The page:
The point is that my writing career has taken me to many, many stops – from Atlanta to Hazzard County to Los Angeles and beyond. I have made life long friends through my writing. And now, in this next phase of my writing career, I’m making new friends. But, I do feel like I’m starting over – learning a new craft, and wondering if my writing chops from another entertainment medium will translate to novels. I believe that they will – but as writers, we are constantly hoping that we aren’t out of ideas. That we still have something to say that people will want to hear … or read. I’m completely humbled by the kind words I constantly receive from Dukes fans, and from folks who are probably just amazed that I’m still upright and kicking. And, I’m incredibly impressed by the authors I’ve learned about who are writing series of novels and building fan bases that rival anything I’ve ever seen in TV and film. You are ALL my heroes and my inspiration.

I read a quote today from E.L. James – “I’m not a great writer.” That made me laugh out loud. Untold millions of folks would argue otherwise dear! It also got me to thinking – what constitutes “great” writing? To me, great writing is simply great storytelling. Nothing more and nothing less. Taste, style, genre, and any other moniker don’t really matter. Great stories are great stories – PERIOD. And, Ms. James, if you can write a story (or a trilogy) that millions of people clamor to read – and will line up to see when your story moves to the silver screen – you are a pretty great writer in my book! 50 Shades of Great!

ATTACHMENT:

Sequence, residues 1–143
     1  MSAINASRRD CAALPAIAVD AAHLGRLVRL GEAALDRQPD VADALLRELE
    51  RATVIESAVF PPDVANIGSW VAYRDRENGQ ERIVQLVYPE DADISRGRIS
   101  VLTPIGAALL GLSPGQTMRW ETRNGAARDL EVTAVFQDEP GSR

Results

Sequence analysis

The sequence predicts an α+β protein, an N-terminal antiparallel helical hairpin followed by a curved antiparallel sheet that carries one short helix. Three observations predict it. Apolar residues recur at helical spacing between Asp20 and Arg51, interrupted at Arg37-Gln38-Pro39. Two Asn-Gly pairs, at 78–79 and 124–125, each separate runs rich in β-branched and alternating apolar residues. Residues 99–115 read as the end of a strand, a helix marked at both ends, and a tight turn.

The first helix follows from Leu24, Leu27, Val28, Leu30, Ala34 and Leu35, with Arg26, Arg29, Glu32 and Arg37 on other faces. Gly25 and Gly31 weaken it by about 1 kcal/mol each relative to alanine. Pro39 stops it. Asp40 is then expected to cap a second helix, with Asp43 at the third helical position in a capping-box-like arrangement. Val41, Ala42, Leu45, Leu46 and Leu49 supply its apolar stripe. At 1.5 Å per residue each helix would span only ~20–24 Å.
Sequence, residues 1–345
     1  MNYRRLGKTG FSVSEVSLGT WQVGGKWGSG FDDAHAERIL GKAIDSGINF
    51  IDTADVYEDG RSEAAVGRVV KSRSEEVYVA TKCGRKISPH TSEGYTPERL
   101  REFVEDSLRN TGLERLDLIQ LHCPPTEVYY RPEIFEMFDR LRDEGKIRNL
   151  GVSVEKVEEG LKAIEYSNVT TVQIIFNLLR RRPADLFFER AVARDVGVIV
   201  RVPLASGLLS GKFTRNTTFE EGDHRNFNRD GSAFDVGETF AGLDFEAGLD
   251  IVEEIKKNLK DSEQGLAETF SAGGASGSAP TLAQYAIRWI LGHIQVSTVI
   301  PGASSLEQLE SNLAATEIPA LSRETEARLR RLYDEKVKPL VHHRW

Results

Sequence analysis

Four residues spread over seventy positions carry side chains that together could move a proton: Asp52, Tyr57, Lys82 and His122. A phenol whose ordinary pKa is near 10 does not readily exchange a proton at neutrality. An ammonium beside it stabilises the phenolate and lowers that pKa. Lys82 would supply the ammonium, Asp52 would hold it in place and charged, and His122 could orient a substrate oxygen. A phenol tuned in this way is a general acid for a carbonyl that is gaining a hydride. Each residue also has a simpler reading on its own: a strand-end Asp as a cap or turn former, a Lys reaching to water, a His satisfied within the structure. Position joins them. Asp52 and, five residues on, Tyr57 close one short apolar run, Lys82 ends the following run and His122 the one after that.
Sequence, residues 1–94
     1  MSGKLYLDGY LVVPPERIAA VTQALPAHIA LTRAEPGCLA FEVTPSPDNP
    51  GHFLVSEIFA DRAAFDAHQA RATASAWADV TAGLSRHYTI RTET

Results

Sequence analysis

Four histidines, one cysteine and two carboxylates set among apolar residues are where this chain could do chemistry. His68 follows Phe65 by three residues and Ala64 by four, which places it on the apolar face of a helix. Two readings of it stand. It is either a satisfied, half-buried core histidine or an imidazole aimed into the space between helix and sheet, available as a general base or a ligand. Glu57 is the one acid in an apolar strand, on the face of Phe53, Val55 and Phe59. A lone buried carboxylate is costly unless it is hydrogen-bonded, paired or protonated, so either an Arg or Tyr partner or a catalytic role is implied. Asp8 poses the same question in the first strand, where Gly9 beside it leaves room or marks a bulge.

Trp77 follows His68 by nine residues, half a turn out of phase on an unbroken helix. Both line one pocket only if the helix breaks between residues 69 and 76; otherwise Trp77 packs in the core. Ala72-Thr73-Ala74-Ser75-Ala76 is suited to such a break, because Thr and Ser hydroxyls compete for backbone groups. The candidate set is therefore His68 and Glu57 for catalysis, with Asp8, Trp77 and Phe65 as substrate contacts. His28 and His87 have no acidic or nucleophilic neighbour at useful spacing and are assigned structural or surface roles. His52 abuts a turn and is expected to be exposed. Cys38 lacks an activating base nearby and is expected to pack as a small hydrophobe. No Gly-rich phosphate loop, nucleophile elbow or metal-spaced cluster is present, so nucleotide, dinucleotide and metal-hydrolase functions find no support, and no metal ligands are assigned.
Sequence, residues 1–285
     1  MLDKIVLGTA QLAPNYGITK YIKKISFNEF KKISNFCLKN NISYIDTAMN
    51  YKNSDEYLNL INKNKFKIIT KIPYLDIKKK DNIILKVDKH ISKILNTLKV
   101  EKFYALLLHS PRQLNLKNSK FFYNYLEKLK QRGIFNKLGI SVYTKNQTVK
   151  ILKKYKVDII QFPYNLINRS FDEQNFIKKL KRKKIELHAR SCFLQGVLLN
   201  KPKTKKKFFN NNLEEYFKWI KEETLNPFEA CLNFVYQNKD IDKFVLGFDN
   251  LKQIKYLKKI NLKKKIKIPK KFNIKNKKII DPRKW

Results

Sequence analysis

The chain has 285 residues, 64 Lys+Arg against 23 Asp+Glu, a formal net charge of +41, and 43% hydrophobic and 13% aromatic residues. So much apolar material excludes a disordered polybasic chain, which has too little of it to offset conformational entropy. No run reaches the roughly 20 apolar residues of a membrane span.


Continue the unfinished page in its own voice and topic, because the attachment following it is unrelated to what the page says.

The Odd Connection Between the Dukes of Hazzard and Twist of Time

There is an odd connection between “Dukes of Hazzard” – the television series I created – and my novel “Twist of Time,” which is a high action romantic thriller. “Twist of Time” is about Thomas, a renegade monk with a mysterious past, who must solve 700 years of serial murders before he becomes the next victim. In addition, Thomas is locked in a forbidden love affair with Kate, a homicide detective.  So, like the Duke boys, Thomas breaks all the rules to get results, even though he is a monk.

When I created “Dukes” I drew upon my family (Uncle Jesse was based on my grandfather Franklyn ) as well as some of the boys I grew up with, who for fun and adventure, drove moonshine in the Kentucky hills.  In the same way the Dukes were raised by Uncle Jesse, Thomas the monk, was raised by his Grandfather in Scotland where he became a Celtic scholar.

In “Twist of Time” Thomas is hired to translate a 14th century diary written by a Templar Knight who was on a suicide mission. The diary disappeared. For the next 700 years every time it re-appeared there were serial murders.  Now, Thomas is marked to be the next victim.  How many times were those Duke boys targeted by Boss Hogg?

To solve the mystery and stay alive, Thomas and Kate must follow clues in the diary, which takes them to England, France and Scotland as they retrace the path of the doomed Templar.  All the while they are being chased by two illegal cartels that are after the diary and will kill to get it.  I seem to recall a few Dukes episodes where the boys were being chased by “illegal cartels” – ok, maybe not quite so illegal, but cartels none the less.

So I guess the moral to this story is don’t be surprised when something you are writing now bears more than just a passing family resemblance to something you’ve penned in your recent past.